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Ensuring that your fishing reel has been spooled correctly is one of the most important techniques to master. How to put fishing line on a reel “correctly” is one of the most frequently asked questions, even from an experienced angler.

If your line has not been spooled correctly, you will find your chances of catching a fish diminished before you even put your line in the water.

Having a correctly spooled reel will enable you to cast more effectively, reduce line twist, birds nest tangles, and will ultimately let your line sit more naturally in the water, improving your chances of catching.

Follow these simple steps on how to put fishing line on a reel, and you will be trouble free and catching fish like a pro.

Different Techniques Require Different Setups

First, it’s worth pointing out that different fishing techniques require different tackle setups, and this means different fishing reels. For example, spinning setups use a spinning reel, which hangs underneath the rod and typically has a single-sided handle that you operate in your non-dominant hand. A spinning set up is excellent for medium- to close-range fishing using floats, lures, and spinners. It is generally a more straightforward setup to master than a baitcaster, so tends to be favored by the beginner angler.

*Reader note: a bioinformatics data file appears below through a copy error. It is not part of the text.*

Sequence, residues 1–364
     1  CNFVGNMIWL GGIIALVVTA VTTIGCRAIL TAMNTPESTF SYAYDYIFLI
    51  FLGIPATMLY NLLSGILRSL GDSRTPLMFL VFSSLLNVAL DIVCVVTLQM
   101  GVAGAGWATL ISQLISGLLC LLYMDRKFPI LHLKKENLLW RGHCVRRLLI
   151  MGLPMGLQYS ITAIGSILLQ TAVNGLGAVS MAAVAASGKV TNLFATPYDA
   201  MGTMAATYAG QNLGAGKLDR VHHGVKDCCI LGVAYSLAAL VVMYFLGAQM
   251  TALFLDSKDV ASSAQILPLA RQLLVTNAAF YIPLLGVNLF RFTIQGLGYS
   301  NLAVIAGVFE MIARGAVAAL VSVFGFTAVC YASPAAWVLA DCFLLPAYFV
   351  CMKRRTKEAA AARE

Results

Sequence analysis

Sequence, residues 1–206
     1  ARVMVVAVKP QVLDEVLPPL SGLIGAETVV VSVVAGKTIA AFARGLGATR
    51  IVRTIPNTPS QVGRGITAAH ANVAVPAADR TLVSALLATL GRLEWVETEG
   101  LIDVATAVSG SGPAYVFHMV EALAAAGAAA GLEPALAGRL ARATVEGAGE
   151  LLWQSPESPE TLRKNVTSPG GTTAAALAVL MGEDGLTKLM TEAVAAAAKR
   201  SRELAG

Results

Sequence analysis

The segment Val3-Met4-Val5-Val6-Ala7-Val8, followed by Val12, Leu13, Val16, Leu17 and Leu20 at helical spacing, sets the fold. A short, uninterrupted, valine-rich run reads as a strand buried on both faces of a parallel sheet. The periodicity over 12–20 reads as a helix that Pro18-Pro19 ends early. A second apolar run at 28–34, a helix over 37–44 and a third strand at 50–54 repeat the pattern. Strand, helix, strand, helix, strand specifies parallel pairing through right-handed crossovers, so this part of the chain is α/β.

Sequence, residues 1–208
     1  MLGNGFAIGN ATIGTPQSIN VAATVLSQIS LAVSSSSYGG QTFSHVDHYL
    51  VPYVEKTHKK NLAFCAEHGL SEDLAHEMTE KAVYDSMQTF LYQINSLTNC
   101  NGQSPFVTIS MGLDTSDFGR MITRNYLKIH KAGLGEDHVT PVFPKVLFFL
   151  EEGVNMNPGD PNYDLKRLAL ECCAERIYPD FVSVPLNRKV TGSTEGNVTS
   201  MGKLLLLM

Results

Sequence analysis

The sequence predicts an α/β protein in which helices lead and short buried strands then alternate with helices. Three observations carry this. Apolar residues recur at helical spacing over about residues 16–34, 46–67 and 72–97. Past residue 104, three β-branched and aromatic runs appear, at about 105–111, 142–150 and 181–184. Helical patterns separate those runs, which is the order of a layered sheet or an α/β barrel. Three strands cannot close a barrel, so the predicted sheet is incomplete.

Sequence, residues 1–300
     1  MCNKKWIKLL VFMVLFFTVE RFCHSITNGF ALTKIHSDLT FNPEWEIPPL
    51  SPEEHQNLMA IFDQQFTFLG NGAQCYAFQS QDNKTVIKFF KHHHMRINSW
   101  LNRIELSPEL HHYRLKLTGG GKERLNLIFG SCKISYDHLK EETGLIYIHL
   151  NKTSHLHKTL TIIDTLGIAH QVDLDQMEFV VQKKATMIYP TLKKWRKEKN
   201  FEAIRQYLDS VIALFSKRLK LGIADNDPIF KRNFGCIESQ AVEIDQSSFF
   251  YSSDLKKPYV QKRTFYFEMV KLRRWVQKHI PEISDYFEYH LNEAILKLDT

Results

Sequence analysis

It is therefore ironic, that putting the line on a spinning reel is deemed to be more difficult than spooling a baitcaster reel.  Do it correctly and your spinning reel will be trouble free. Do it incorrectly, and you will be plagued with line twists and tangles all day long.

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How to Put Fishing Line on a Spinning Reel

Once you know the secret to spooling a spinning reel, it’s a simple process that will significantly improve your casting ability and prevent continual line twists and tangles. The most important thing to understand about spooling a spinning reel, especially when using monofilament line, is that the line has to be put onto the reel spool in the same direction it comes off the spool it is stored on.

The second thing to understand is the line capacity of the spool you are filling and the tensile strength/diameter of the line you are filling it with.